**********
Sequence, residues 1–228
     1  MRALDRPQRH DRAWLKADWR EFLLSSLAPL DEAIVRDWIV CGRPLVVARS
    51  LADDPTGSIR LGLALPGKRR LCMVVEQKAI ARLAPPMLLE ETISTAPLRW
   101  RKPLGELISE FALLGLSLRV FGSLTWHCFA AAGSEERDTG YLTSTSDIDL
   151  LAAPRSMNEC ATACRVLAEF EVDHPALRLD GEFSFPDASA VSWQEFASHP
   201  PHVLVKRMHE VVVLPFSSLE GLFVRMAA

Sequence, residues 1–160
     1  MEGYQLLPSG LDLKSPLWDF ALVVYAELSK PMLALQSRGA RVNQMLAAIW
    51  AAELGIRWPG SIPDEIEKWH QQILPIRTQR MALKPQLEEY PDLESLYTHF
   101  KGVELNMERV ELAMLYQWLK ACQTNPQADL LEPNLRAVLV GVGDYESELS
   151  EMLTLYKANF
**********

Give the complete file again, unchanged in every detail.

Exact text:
Sequence, residues 1–228
     1  MRALDRPQRH DRAWLKADWR EFLLSSLAPL DEAIVRDWIV CGRPLVVARS
    51  LADDPTGSIR LGLALPGKRR LCMVVEQKAI ARLAPPMLLE ETISTAPLRW
   101  RKPLGELISE FALLGLSLRV FGSLTWHCFA AAGSEERDTG YLTSTSDIDL
   151  LAAPRSMNEC ATACRVLAEF EVDHPALRLD GEFSFPDASA VSWQEFASHP
   201  PHVLVKRMHE VVVLPFSSLE GLFVRMAA

Sequence, residues 1–160
     1  MEGYQLLPSG LDLKSPLWDF ALVVYAELSK PMLALQSRGA RVNQMLAAIW
    51  AAELGIRWPG SIPDEIEKWH QQILPIRTQR MALKPQLEEY PDLESLYTHF
   101  KGVELNMERV ELAMLYQWLK ACQTNPQADL LEPNLRAVLV GVGDYESELS
   151  EMLTLYKANF